On October 13, The Ocean Foundation co-hosted a virtual event with the Embassy of Finland, the Embassy of Sweden, the Embassy of Iceland, the Embassy of Denmark and the Embassy of Norway. The event was held to continue momentum in stepping up ambitions for beating plastic pollution despite the pandemic. In a virtual setting, the Nordic countries reached out to other regions of the world to continue the global conversation with the private sector.
Moderated by Mark J. Spalding, President of The Ocean Foundation, the event consisted of two highly productive panels that shared both governmental perspectives and private sector perspectives. Speakers included:
- United States Representative Chellie Pingree (Maine)
- State Secretary Maren Hersleth Holsen at the Ministry of Climate and Environment, Norway
- Mattias Philipsson, CEO for Swedish Plastic Recycling, Member of the Swedish Delegation for Circular Economy
- Marko Kärkkäinen, Chief Commercial Officer, Global, Clewat Ltd.
- Sigurður Halldórsson, CEO of Pure North Recycling
- Gitte Buk Larsen, Owner, Chairman of the Board and Business Development and Marketing Director, Aage Vestergaard Larsen
More than one hundred participants gathered to join a discussion with the respective leaders to discuss the challenge of global plastic pollution. Overall, the meeting called for repairing fundamental gaps in international legal and policy frameworks relevant for combatting ocean plastic pollution by bridging these two perspectives. Highlights from the panel dialogue include:
- Plastic plays an important role in society. It has reduced breakage, reduced the carbon footprint of transportation, and it is critical to public safety and health, particularly as we deal with the global COVID pandemic. For those plastics critical to our lives, we need to ensure they can be reused and recycled;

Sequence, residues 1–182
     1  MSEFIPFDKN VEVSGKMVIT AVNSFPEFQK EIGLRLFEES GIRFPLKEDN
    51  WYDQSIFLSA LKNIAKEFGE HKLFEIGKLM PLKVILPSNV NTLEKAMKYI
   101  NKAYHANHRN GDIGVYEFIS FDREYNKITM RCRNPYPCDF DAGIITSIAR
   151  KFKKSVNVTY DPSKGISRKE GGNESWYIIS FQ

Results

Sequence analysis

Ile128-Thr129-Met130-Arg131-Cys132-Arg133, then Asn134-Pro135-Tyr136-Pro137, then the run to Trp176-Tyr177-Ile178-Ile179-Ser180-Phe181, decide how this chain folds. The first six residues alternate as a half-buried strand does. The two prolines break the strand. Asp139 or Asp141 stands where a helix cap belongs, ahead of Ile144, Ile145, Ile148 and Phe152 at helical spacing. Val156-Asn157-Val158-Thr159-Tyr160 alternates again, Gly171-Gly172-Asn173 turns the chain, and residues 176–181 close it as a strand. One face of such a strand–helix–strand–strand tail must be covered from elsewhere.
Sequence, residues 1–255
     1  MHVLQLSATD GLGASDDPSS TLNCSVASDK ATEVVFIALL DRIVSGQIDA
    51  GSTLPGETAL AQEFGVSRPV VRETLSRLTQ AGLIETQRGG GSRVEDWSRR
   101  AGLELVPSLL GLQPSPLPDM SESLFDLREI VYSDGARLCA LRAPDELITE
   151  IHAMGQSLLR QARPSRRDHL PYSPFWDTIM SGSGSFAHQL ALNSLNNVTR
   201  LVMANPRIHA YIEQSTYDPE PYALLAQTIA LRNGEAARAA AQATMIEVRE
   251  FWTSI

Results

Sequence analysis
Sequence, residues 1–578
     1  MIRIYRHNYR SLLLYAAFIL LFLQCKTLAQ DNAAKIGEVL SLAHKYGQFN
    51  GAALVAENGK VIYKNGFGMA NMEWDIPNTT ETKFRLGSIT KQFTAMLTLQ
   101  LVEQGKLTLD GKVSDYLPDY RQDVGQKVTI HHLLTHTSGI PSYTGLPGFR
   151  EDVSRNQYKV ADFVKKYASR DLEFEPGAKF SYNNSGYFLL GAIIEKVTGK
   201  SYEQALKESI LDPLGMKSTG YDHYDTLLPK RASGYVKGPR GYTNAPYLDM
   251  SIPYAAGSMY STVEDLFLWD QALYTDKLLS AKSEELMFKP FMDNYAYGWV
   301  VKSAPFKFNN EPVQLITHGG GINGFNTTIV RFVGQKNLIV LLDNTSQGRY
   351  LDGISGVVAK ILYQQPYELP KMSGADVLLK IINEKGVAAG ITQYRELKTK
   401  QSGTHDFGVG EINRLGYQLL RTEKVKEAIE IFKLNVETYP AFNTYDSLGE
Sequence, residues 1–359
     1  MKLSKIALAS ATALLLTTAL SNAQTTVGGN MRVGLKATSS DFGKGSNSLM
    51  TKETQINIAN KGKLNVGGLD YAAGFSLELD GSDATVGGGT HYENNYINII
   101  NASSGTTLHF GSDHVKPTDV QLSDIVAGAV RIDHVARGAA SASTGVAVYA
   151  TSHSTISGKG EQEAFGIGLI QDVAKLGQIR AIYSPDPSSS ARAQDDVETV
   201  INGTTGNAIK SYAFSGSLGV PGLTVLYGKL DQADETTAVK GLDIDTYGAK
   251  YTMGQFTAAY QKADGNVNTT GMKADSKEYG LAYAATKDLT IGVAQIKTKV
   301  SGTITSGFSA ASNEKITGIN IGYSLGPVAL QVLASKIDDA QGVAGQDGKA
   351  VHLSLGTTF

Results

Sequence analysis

- Clear and efficient frameworks are needed at international, national, and local scales to both guide manufacturers with predictability and to implement recycling programs. Recent progress with the Basel Convention internationally and Save Our Seas Act 2.0 in the United States are both moving us in the right direction, but additional work remains;
- The community needs to look more into redesigning plastics and the products we make from plastic, including testing biodegradable alternatives such as cellulose-based alternatives from trees through sustainable forestry practices, among others. However, the mixture of biodegradable materials into the waste stream presents added challenges for traditional recycling;
- Waste can be a resource. Innovative approaches from the private sector can help us reduce energy use and be scalable to different locations, however, diverse regulatory and financial frameworks limit how transferrable certain technologies can actually be;
- We need to develop better markets for recycled products with the individual consumer and carefully determine the role that financial incentives like subsidies have to facilitate that choice;
- There is no one size fits all solution. Both traditional mechanical recycling and new approaches to chemical recycling are needed to address diverse waste streams that include a variety of mixed polymers and additives;
- Recycling shouldn’t require an engineering degree. We should work toward a global system of clear labeling for recyclability so that consumers can do their part in keeping waste streams sorted for easier processing;
- We should learn from what practitioners in the industry are already doing, and provide incentives to work with the public sector, and
- The Nordic countries have an ambition to adopt a mandate to negotiate a new global agreement to prevent plastic pollution at the next possible opportunity at the UN Environmental Assembly.
Through our Redesigning Plastics Initiative, The Ocean Foundation looks forward to continuing discussions with the panelists.
Early next week, on 19 October 2020, The Nordic Council of Environment and Climate Ministers will be releasing a Nordic Report: Possible Elements of a New Global Agreement to Prevent Plastic Pollution. The event will be live-streamed from their website at NordicReport2020.com.